Non-Alcoholic Drinks Demand

Non-alcoholic brands are also benefiting from the sober curious trend. “Our study revealed a Google trend that stated that global consumers explicitly mention ‘non-alcoholic’ 81% more often than just one year ago,” Heidi Dillon Otto, portfolio director Distill Ventures, which provides investment and support for startup drink brands, tells Organic Authority. “Over the last few years, health and wellness have become more and more important to people all over the world. At the same time, people are looking for new experiences, and want to get the best out of everything they do. This has inspired greater curiosity around different flavors, and people want better choices.”

Otto says she sees the sober curiosity movement more about choice. Distill Ventures conducted an eight-month-long study, which found that in the U.K, a global trendsetting market, 59% of consumers order a non-alcoholic drink on nights out when they are also drinking alcohol. They also found that 61% of consumers reported they wanted a better choice when it comes to non-alcoholic drinks. “Whether consumers choose to drink spirited or alcohol-free drinks, we are excited to see the variety of choices that are starting to become available, both on menus and with new product launches.”

Choice Is Key

Little says having access to a variety of non-alcoholic beverages is key for those who exploring sober curiosity.

“Drinking non-alcoholic beverages is often a tool to help people with the challenge,” she says, who adds that her clients often prefer mocktails or non-alcoholic beverages that “look” and “taste” like an alcoholic beverage without the effects of alcohol.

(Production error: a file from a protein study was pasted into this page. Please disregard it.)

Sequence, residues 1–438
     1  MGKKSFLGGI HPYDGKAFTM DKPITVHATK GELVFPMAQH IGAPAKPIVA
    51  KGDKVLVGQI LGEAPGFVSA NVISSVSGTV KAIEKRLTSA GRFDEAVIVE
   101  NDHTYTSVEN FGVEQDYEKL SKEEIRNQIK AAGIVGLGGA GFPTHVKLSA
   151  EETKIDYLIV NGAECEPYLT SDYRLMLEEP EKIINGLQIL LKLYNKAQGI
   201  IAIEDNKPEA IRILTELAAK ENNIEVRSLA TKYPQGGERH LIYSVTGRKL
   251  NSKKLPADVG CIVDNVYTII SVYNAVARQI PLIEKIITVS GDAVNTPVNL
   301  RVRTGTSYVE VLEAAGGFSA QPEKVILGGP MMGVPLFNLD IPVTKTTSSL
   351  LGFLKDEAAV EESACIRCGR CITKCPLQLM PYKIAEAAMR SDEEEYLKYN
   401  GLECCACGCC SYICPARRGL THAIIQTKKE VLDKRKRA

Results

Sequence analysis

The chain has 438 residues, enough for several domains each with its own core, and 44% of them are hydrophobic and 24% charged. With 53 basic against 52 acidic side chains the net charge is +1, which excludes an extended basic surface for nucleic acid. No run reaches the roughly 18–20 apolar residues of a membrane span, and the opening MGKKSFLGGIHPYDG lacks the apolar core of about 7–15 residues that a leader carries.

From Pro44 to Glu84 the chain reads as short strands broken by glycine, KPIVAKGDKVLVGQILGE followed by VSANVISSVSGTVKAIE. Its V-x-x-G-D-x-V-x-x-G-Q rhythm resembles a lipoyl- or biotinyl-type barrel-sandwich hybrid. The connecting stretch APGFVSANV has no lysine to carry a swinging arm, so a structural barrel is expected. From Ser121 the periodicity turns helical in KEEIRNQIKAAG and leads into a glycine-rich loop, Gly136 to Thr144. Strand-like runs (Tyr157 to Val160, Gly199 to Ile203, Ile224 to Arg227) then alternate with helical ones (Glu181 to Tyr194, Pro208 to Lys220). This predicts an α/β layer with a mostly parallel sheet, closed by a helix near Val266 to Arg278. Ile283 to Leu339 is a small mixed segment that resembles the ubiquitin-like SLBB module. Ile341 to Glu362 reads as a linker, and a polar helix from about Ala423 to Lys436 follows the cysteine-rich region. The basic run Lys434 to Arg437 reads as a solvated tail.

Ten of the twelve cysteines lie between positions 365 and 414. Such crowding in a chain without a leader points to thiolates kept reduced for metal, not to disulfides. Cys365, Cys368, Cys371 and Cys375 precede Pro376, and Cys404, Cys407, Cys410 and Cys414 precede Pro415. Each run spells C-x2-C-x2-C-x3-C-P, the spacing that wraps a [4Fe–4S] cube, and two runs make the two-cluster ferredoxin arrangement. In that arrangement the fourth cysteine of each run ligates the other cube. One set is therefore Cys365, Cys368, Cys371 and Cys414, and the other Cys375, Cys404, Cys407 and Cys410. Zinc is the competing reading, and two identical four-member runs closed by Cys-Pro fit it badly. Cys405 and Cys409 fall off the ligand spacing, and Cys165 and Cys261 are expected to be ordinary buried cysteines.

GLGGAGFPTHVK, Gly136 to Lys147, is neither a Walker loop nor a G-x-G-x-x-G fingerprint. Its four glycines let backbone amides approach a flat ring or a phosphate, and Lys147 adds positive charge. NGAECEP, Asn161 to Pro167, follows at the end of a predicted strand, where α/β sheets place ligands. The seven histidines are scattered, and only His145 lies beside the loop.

“I encourage people to consume non-alcoholic beverages when they are with friends or in social settings,” says Little. “It is important to make it known that you are committed to be alcohol-free for the night.”

While Little says that it’s very much “one day at a time” for those who are exploring sober curiosity, being able to order a beverage that suits your needs and doesn’t make you feel “left out” and makes it easier to stay on track.

Is Sober Curiosity Here to Stay?

On a business front, Otto says it’s hard to predict what the future will look like. “Although non-alcoholic is growing fast and the hospitality industry is starting to take it seriously, the reality is that most bars and restaurants still do not offer a great range or experience if you are not drinking alcohol at that moment,” she says. “For this trend to continue to grow, the range of ingredients required to make non-alcoholic drinks easily needs to expand, with wide availability in bars and in stores to allow consumers to easily create great non-alcoholic drinks at home.”

Holistically speaking, Little hopes sober curiosity is here to stay.

“I hope sober curiosity remains a trend because there are so many benefits to the individual and to others who need to be in recovery but have trouble admitting or seeking help,” she says. “When people who do not have a problem with alcohol are committed to reducing their drinking, they are helping to reduce the stigma in sobriety.

“Too often people who do not drink are viewed as different or are assumed to have a problem with drinking. This leads to people who need to be in recovery fearful that they will be judged or not included in social situations. People have a basic need to belong and the more we can normalize social situations without drinking, the easier it becomes for people to seek support for recovery from alcohol use disorders.”

Plus, if skipping booze makes us feel good, then why wouldn’t the trend continue? After all, if we’re able to downward dog daily and take shots of turmeric in the name of good health, there’s no reason why swapping a cocktail for a mocktail can’t be as easy as taking our green juice in the morning. 

Related on Organic Authority
Why These 8 Celebs Got Sober
How Not to Give Up on Quitting: A Tale of a Teetotaler
Screw the Hangovers: 7 Amazing Booze-Free Mocktails